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Volvo electric sewer cleaning truck. Image credit: Volvo Trucks

Clean Transport

Volvo, Alison Seek To Clean Up Diesel Truck Emissions With Electric Drivetrains

Replacing the engines in diesel trucks with electric components is an easy and efficient way to reduce harmful emissions.

The diesel engine has helped usher in one of the most profitable economic expansions in human history, but it has some drawbacks, primarily that the carbon dioxide and oxides of nitrogen belching from the exhaust stacks of diesel-powered trucks have a greater influence on the environment and on human health than their relatively low numbers would suggest.

Then there is the matter of fine particulates, nasty little bits of crud so small they pass directly into the bloodstream in humans, and the lodge in vital organs such as brains, livers, kidneys, gonads, placentas, and other important body parts. [Then again, all body parts are rather important, with the possible exception of the appendix and tonsils.]

Corporations like Volvo Trucks and Alison are aware of the downside associated with diesel engines and are prepared to do something about them by pushing for the transition to battery-electric vehicles instead. That’s not only good for the Earth and those who live on it, it’s also smart business.

Volvo Electric Trucks Replace Diesel Engines

Many diesel-powered heavy duty trucks spend their lives going 50 feet and stopping, 50 feet and stopping, over and over again throughout their useful life. For much of the work day, they are idling before the next bit of forward progress, spewing out those harmful emissions all day every day.

Battery-electric trucks do two things diesel trucks can’t do. They don’t create emissions while standing still, and they employ regenerative braking when slowing down. That puts a little energy back in the battery and it saves wear and tear on brakes — a not inconsiderable burden when bringing a 10-ton truck to halt dozens or even hundreds of times a day.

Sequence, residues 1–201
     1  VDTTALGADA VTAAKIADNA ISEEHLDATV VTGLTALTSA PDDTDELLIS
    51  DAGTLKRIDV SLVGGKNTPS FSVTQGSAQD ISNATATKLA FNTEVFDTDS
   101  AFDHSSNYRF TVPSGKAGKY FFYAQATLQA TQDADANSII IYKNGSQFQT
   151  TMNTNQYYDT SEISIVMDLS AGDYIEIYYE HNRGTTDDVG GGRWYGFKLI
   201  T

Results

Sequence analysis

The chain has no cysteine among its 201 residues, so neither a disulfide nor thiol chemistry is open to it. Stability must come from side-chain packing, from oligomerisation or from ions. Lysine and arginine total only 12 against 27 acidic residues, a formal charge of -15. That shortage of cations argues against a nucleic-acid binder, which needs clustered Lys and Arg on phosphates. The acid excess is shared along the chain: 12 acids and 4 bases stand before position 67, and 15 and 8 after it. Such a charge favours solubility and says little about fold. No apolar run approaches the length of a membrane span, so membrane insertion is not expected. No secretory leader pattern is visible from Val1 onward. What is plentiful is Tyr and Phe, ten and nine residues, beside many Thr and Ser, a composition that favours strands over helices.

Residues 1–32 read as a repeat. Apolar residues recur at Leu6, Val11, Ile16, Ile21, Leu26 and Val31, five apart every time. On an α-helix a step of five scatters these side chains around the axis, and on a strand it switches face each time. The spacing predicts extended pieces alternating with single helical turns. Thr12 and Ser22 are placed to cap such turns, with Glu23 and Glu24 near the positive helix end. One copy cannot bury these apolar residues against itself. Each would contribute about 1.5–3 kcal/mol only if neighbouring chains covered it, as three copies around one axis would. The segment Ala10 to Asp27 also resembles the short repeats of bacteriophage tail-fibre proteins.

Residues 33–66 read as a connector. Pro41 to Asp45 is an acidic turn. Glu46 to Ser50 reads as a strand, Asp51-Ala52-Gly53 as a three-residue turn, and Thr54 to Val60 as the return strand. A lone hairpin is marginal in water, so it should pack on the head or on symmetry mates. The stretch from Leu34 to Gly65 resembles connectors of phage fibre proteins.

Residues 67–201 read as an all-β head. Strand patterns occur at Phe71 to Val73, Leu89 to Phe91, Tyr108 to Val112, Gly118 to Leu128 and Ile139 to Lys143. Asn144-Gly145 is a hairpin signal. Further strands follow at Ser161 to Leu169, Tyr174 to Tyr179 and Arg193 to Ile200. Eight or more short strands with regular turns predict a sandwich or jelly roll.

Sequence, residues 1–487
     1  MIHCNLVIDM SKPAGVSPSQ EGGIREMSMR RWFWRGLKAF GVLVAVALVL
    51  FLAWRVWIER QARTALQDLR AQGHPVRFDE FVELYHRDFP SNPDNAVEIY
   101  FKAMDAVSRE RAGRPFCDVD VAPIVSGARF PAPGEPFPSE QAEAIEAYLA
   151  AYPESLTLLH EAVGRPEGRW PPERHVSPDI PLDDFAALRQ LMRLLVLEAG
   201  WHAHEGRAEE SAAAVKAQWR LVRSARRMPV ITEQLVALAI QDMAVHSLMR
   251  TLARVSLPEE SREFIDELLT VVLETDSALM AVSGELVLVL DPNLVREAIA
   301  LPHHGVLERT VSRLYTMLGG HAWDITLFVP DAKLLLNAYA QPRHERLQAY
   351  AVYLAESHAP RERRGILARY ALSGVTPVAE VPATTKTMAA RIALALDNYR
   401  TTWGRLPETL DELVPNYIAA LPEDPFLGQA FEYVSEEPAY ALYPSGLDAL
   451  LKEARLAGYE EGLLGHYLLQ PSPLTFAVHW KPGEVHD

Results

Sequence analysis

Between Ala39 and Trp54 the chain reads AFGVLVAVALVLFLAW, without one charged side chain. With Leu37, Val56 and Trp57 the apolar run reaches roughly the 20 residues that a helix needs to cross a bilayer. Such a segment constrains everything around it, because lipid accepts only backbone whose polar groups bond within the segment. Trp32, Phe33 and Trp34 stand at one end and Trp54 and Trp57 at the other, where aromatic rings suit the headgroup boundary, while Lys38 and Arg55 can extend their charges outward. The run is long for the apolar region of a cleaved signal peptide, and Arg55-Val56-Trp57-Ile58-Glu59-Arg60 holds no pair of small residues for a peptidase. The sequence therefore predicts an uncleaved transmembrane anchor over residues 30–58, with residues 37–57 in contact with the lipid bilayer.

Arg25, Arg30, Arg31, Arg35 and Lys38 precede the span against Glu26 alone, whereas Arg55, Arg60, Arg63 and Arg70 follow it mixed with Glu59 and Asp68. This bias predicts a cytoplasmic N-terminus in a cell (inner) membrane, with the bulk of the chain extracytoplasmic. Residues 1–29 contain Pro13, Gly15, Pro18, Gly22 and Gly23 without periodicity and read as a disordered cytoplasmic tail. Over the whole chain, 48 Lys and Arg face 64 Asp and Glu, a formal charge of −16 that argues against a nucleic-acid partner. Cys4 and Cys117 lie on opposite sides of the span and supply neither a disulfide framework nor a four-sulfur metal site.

In a press release, Volvo Trucks says it will collaborate with Bucher Municipal to electrify sewer cleaner trucks. By the end of 2023, the two companies expect to deliver up to 80 fully electric sewer cleaner trucks to cities in Europe. Bucher is a leading supplier of municipal vehicles like street sweepers, winter maintenance equipment, refuse vehicles, and sewer cleaning trucks. It has joined forces with Volvo Trucks to develop an all-electric sewer cleaner built on the Volvo FL Electric truck. Those 80 sewer cleaning trucks represent half of Bucher’s annual production.

“We have optimized the technology from our successful city sewer solution to meet the special requirements for working in urban zones, where regulations regarding CO2 and diesel emissions have been tightened,” says Per Lovring, CEO of Bucher Municipal Denmark. “Electrification of vehicles like ours can be demanding, but Volvo Trucks has proven during many years that they can successfully provide highly reliable and well-documented battery solutions for buses, trucks and other heavy-duty vehicles. Our partnership with Volvo Trucks is a win-win solution,” he says.